Note: To be more specific, the terms “single-stage” and “two-stage” refer to AC
compressors, while “single-speed” and “multi-speed” refer to blower motors.

Think of single-stage/single-speed units as operating like a basic light switch: they work
at one level—HIGH, which means when they’re on, they’re going full blast at 100%
capacity.

Variable-speed technology works more like a dimmer switch: they can adjust to any
operating capacity needed.
In fact, variable-speed units can operate anywhere
between 10% and 150% capacity, making them much more efficient at keeping homes
cool in the summer.

Let’s look at how a single-speed/single-stage unit would handle the extreme
temperature versus a variable-speed unit:

  • Single-speed/single-stage AC: It turns on at full-blast, cools down your home
    quickly, and then shuts off. These short ON/OFF cycles repeat continuously,
    resulting in hot/cold spots in your home and inconsistent indoor temperatures.
  • Variable-speed AC: It initially blasts at 150% to cool the home quickly, but then
    automatically ramps down to 30-40% capacity once the indoor temperature is
    close to the desired temperature. At 30-40% capacity, the AC provides a slow
    and steady stream of cool air.
    This results in even cooling throughout the entire
    home and indoor temperatures that precisely match the set temperature.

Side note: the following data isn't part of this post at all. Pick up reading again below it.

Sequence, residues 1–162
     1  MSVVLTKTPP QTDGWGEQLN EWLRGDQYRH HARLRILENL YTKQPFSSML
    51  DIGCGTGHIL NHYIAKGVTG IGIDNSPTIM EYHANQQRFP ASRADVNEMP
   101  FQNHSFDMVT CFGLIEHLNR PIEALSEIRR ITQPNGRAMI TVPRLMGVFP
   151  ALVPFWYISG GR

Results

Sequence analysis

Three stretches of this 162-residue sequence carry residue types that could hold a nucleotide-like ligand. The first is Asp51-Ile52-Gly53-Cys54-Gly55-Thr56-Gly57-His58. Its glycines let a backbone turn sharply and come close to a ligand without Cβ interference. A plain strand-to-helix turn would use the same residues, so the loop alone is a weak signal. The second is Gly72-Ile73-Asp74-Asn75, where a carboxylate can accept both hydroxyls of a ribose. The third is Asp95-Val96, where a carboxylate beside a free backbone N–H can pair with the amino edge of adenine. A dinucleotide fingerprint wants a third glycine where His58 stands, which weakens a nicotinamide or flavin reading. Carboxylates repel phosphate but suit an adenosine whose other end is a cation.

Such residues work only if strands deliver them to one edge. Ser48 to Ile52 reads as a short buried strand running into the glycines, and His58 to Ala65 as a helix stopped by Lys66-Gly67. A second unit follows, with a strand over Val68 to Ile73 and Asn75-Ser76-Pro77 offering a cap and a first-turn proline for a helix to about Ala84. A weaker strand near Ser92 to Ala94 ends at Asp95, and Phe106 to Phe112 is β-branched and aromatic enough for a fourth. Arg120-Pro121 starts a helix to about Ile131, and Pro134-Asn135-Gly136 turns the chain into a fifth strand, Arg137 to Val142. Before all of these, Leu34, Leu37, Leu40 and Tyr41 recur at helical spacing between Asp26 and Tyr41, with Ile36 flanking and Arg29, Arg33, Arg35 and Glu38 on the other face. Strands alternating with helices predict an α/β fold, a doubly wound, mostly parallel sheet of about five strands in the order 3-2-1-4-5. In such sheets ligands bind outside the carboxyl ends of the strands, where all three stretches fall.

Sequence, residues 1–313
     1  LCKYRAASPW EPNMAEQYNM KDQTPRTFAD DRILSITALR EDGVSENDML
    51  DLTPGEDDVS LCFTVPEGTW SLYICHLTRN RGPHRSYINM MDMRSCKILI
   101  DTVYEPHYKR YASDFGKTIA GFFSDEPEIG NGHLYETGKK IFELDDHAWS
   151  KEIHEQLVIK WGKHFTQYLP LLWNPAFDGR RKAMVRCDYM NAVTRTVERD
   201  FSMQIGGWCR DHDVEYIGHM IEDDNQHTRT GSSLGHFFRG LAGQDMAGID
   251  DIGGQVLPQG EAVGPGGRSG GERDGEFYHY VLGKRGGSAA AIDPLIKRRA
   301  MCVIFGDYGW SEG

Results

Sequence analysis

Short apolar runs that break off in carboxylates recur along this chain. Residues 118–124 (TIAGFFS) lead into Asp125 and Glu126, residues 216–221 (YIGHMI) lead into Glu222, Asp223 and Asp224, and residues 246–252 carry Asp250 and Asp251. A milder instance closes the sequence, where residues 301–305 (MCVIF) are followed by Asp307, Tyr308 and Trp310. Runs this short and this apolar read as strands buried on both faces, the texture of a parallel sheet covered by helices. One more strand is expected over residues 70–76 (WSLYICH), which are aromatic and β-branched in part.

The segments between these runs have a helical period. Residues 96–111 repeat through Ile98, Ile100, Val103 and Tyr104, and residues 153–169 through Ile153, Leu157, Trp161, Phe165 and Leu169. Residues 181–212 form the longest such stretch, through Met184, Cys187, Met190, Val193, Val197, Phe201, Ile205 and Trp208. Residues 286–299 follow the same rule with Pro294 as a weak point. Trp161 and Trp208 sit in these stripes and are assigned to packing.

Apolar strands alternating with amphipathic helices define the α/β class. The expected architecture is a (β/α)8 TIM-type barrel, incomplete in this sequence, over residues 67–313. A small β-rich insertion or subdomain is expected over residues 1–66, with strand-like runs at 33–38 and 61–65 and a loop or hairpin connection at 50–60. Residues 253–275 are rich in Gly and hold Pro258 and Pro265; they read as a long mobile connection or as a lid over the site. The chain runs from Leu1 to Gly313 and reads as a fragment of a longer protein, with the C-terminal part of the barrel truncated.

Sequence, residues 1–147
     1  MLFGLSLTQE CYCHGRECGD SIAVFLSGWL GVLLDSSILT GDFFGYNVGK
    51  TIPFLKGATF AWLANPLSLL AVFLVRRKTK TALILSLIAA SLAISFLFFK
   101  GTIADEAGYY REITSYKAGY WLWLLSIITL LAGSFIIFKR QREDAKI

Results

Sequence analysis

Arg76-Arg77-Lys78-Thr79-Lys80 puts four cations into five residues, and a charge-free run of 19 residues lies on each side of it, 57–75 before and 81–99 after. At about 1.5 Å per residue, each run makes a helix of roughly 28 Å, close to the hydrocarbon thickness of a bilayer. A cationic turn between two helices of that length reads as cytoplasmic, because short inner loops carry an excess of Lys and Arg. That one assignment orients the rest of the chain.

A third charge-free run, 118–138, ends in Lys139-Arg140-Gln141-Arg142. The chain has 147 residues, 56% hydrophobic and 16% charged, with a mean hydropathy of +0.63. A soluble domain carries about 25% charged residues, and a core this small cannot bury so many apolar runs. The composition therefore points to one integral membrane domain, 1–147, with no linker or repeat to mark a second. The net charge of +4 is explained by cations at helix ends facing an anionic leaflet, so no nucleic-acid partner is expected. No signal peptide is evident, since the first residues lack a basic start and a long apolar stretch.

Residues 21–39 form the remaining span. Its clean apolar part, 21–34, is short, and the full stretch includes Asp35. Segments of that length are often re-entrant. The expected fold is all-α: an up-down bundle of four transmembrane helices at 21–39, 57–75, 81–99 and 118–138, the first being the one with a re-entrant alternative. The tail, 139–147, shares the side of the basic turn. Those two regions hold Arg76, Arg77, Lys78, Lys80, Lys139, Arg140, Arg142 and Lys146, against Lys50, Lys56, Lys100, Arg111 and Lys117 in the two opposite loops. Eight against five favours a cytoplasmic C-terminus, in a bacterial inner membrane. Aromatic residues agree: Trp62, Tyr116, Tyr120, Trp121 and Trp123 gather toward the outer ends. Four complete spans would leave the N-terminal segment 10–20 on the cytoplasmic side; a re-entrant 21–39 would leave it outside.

Benefits of a variable-speed AC:

  • More comfort. A variable-speed AC’s longer run times and lower speeds means
    cool air is steadily pushed throughout the whole house to provide even
    temperatures. Longer run times also allow for better dehumidification.
  • Lower electric bills. The ability to ramp down in speed means that your AC
    uses only the lowest amount of electricity needed, meaning lower energy bills
    throughout the year.
  • Quieter operation. Since variable-speed blowers can operate at any capacity
    (not 100% all the time), they have lower decibel levels than other AC units.

The downfall: Variable-speed costs more upfront

The cost to install a variable-speed AC unit is about $4,000–$8,000 more than other
units. The total cost of a variable-speed AC installation is usually around $12,000 to
$16,000.

Fortunately, variable-speed technology isn’t the only factor that can raise the upfront
cost. In fact, the overall cost of an AC installation varies depending on many factors,
including:

  • The size of your unit
  • The efficiency you choose (SEER rating)
  • Features you add (like noise reduction or air quality features)
  • The contractor your choose

Are you on a budget? Try a middle-of-the-road option

If you can’t swing the high upfront cost of a variable-speed AC, but you want more
comfort than a single-stage/single-speed unit. Try considering one of the mid-range unit
options below: